Research Projects

Research Projects

The National CHW Training Center (NCHWTC) has taken part in collaborative projects where CHWs are furthering community health development research.

Robert Wood Johnson Foundation Grant IHOS Project, 2001–2007

The Integrated Health Outreach System (IHOS) Project employed a community health development strategy aimed at increasing the capacity of local organizations and communities to more effectively impact the health of their populations.  Read More

Women’s Health Improvement Network, 2008–2009

Nuestra Clínica del Valle (NCDV) collaborated with the Center for Community Health Development (CCHD) on a pilot project called WIN–Women’s Health Improvement Network, which aimed to proved mammograms for low-income, high-risked women, age 40 and older living in Hidalgo County colonias.  Read More

Colonias Sanas y Seguras, 2008-2009

The City of Alton, Texas received an Environmental Protection Agency (EPA) Environmenta Justice grant and partnered with the Center for Community Health Development for the Colonias Sanas y Seguras (Healthy and Safe Colonias) project. The Center’s role was to develop and deliver training modules for promotores to provide outreach and education to colonia residents regarding safe drinking water and solid waste disposal. Read More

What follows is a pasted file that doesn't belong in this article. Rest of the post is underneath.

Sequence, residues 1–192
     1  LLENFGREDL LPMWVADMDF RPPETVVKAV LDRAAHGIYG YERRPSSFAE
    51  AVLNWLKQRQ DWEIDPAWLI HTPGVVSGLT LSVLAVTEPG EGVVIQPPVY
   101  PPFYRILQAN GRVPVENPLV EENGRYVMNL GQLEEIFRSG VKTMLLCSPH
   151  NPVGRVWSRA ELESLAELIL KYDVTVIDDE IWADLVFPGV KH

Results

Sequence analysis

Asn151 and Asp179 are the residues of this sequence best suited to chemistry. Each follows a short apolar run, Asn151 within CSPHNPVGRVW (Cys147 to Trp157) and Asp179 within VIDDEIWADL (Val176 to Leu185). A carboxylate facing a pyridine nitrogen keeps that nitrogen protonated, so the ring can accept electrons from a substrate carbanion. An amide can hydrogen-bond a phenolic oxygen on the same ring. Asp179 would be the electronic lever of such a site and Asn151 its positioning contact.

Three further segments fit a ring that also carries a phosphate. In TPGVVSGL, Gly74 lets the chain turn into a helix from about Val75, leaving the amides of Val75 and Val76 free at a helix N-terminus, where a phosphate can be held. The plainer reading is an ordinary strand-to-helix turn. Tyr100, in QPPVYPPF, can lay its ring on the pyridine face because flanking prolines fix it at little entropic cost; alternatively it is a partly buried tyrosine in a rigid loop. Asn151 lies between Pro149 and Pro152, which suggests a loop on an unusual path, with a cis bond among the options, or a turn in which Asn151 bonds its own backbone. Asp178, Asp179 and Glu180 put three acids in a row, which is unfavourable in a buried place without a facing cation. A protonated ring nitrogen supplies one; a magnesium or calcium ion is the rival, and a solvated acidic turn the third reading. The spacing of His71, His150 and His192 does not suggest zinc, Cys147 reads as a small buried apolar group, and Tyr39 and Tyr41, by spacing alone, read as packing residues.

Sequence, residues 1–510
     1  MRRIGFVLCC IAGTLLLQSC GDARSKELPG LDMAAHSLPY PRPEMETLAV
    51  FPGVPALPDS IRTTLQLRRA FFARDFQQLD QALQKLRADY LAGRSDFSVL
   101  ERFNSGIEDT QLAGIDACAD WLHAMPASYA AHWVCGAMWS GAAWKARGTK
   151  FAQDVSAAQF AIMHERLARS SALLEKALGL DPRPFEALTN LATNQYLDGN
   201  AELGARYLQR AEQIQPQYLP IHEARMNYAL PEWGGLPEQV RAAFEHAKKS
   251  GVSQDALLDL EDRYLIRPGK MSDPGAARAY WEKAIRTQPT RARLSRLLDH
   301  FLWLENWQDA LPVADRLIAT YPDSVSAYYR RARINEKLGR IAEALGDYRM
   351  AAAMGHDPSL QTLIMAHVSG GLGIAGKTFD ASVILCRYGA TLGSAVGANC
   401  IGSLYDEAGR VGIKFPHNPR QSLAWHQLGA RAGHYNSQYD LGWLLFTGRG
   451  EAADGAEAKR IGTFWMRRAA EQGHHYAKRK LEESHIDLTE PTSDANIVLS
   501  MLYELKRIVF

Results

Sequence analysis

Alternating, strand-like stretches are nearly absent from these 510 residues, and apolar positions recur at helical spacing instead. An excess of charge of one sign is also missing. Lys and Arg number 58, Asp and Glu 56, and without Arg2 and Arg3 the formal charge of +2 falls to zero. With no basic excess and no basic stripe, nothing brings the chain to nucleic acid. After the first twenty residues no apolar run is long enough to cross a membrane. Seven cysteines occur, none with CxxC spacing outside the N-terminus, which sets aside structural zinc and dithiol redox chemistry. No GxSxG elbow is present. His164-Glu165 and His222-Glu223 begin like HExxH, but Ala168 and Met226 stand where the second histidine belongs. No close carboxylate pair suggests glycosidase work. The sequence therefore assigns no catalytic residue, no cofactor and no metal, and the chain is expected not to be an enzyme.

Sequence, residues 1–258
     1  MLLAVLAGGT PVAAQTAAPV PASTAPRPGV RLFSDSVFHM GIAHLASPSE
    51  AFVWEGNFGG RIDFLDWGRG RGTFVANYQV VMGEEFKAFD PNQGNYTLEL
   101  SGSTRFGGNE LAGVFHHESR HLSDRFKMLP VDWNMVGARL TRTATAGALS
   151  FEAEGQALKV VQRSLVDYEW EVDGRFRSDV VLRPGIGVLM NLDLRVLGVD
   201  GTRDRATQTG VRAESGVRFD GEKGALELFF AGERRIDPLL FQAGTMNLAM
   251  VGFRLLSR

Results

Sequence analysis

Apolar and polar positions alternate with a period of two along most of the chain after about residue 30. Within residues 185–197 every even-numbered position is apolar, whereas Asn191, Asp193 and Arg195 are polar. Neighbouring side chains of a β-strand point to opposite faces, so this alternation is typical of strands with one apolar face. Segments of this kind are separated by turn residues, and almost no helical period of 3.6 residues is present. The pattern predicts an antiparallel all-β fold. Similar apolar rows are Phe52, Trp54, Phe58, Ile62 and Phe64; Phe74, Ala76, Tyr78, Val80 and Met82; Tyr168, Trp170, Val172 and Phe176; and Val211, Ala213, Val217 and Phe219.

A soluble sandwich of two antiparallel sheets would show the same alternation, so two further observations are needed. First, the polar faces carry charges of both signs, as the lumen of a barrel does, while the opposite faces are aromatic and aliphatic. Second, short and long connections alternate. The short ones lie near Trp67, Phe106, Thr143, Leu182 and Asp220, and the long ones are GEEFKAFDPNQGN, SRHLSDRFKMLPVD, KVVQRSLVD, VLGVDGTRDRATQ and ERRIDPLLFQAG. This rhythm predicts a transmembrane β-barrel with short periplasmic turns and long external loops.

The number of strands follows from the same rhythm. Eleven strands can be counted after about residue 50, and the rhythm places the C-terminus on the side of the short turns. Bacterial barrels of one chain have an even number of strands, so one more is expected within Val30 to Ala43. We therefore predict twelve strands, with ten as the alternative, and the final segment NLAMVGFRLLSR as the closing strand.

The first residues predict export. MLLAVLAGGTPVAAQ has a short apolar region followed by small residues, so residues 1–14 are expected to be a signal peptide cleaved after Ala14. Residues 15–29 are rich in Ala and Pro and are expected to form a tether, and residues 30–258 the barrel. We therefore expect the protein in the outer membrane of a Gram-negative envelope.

SABEMOS, 2008-2009

The project tested the effectiveness of an intervention in changing knowledge, attitudes, and practices of Latino parents in exposing their children to second-hand smoke. The intervention, which was conducted in the colonias along the Texas-Mexico border, is based on the Centers for Disease Control and Prevention (CDC) produced program called Sabemos: Por respecto– Aquí no se fuma (Out of Respect– No Smoking Here!).  Read More

Cancer Prevention Research Institute of Texas Grant EPICO project, 2011-2013

ÉPICO: Education to Promote Improved Cancer Outcomes is a tailored training program on prevention, treatment and healthy survivorship for colorectal, breast and cervical cancers among at-risk residents living in South Texas along the U.S.-Mexico border. The focal strategy is to train and utilize promotoras to deliver tailored education that improves access to comprehensive cancer services for Hispanic residents.  Read More